“While the Labour Government has introduced a series of economic and political reforms, we do not believe that these reforms have gone far enough, or that they have basically undermined the capitalist structure of the country. The experience of two years of nationalisation has brought to the forefront the problem of workers’ control and management of the nationalised industries; of further nationalisations and inroads into capitalist enterprise—key questions for a future Socialist development of the country.”

 In what way nationalisation has made inroads into capitalist enterprise we are not told, but it is interesting to notice that it has not basically undermined the capitalist structure of society—so they are going inside to carry on the same policy! In fact there is not a glimmer anywhere in the leaflet that the members of the R.C.P. have any idea of what Socialism is; instead they confuse it with nationalisation and defend the basic economic structure of Russia from the same point of view.

The immediate impetus for dissolving the Party appears to be contained in a paragraph on the third page:—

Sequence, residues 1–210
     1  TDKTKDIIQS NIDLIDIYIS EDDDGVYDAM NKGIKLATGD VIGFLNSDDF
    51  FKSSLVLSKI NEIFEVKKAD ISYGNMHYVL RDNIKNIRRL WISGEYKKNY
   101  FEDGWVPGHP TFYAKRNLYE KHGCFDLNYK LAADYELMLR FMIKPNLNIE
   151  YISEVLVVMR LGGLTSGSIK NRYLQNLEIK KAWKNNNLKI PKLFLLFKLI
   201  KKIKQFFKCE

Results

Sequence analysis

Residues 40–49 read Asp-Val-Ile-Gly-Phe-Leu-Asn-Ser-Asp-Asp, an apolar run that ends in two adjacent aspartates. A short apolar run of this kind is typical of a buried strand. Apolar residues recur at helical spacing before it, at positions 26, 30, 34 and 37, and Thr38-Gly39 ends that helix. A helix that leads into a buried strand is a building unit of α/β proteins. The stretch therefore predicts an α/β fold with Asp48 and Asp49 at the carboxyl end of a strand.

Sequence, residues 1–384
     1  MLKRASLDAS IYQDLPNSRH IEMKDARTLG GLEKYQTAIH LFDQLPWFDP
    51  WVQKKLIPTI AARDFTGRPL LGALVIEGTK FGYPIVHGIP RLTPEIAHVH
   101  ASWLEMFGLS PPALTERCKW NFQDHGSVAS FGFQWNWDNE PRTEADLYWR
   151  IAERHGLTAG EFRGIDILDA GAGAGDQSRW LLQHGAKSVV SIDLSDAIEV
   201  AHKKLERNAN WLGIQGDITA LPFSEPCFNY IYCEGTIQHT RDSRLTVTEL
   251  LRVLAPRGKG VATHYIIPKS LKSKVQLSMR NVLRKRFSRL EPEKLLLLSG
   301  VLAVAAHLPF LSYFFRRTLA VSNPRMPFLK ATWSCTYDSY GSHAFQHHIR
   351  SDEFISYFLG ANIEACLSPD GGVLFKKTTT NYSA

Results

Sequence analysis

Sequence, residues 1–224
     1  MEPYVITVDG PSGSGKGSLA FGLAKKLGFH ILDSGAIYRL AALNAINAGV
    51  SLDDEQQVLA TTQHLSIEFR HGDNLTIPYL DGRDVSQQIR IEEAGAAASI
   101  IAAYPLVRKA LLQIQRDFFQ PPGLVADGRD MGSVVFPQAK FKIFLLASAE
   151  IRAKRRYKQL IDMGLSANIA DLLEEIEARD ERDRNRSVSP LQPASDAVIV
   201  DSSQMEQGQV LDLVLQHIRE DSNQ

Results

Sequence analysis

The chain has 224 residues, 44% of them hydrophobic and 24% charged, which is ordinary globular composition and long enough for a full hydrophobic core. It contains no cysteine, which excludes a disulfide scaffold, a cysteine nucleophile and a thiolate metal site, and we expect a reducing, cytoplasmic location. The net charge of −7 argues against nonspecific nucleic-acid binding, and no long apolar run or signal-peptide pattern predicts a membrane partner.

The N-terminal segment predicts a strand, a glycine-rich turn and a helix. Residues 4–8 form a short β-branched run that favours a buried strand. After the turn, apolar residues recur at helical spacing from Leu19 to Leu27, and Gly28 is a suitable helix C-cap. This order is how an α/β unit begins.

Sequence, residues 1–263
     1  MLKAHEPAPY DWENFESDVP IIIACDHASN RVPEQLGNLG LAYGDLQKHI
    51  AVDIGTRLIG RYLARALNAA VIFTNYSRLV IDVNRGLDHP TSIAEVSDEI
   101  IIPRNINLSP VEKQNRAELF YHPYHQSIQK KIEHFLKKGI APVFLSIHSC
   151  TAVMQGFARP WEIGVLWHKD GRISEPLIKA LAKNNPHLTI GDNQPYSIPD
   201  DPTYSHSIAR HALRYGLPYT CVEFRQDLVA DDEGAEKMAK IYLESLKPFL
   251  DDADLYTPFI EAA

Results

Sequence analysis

“An offensive against Capitalism is above all necessary to secure a decisive victory for Labour at the forthcoming General Election and to effectively combat Tory reaction.”

 So the offensive against Capitalism, according to them, consists in supporting a government that resists wage increases, breaks strike, prepares for war and generally carries on the fundamental traditions of Capitalism by ensuring that capitalist investors hold on to their privileged position of living on the backs of the workers!

One mystery the leaflet does not solve; why the members of the R.C.P. ever thought of wasting time and energy forming the R.C.P. when the Labour Party so adequately expresses their lack of understanding.

 The R.C.P. was a fake revolutionary party, battening on the impetuosity and genuine enthusiasm of misguided workers who were perplexed by the antics of Russia. It demonstrates once again that Communist Parties, Left, Right or Centre, along with the fellow-grovellers, help to mobilise the workers for the familiar route march along the reformer’s road in the bosom of futility.

So ends, ingloriously, a brief and uneasy span of spurious Marxism.